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The truth, however, is that how we get along with each other is a complex, multi-layered thing – just as likely to be impacted by anxious thoughts or phobias as any other aspect of life.In fact, because of both the external pressures of the expectations portrayed by modern media and the internal pressures that come with becoming close to someone else, relationships can provide a playing field for strong negative thoughts and emotions.Fear of intimacy is generally a social phobia and anxiety disorder resulting in difficulty forming close relationships with another person.The term can also refer to a scale on a psychometric test, or a type of adult in attachment theory psychology.Often the relationship seems to start out well, with an intense emotional attraction leading to a deeply felt (but in reality, superficial) connection.But, after a short time, the intimacy avoidant person starts to feel alternately trapped or bored or smothered, then starts a pattern of over-focusing on the new partner’s shortcomings and begins to disengage.The Fear of Intimacy Scale (FIS) is a 35-item self-evaluation that can determine the level of fear of intimacy that an individual has.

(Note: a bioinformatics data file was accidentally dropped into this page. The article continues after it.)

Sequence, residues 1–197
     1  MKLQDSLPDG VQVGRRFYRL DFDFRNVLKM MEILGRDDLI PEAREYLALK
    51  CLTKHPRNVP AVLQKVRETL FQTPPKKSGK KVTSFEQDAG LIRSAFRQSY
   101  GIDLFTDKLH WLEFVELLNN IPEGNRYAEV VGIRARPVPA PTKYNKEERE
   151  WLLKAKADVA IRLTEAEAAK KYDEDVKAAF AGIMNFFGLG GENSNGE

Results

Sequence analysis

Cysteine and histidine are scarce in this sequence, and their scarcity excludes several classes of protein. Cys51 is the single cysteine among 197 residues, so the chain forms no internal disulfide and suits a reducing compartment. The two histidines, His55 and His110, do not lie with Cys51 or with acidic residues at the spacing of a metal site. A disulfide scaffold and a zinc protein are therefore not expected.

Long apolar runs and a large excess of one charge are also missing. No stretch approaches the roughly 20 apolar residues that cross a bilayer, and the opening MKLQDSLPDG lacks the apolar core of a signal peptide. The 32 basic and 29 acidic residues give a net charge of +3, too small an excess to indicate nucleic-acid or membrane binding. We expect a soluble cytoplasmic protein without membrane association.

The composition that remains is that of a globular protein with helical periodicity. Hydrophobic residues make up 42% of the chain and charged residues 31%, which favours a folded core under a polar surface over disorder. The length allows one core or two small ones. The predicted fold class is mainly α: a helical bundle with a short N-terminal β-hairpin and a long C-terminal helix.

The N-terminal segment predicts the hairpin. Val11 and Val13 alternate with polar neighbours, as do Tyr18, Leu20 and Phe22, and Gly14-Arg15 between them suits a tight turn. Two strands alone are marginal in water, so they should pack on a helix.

” – is usually confirmed or rejected pretty quickly. That reaction then reinforces the feeling that relationships and intimacy are a dangerous area and makes us more suspicious to enter into them again.
Although it can be tough, try not to take your dating partner’s fear of intimacy personally.
Instead, focus on making the person feel comfortable and helping her learn to trust you.
Vulnerability is a critical part of intimacy, but the fear of vulnerability can run deep, notes psychologist Emma Seppala in the Psychology Today article "Vulnerability, the Secret to Intimacy." A fear of appearing vulnerable is ultimately a fear of rejection.
Yet the fear can lead people to present a false front, which other people read as fake.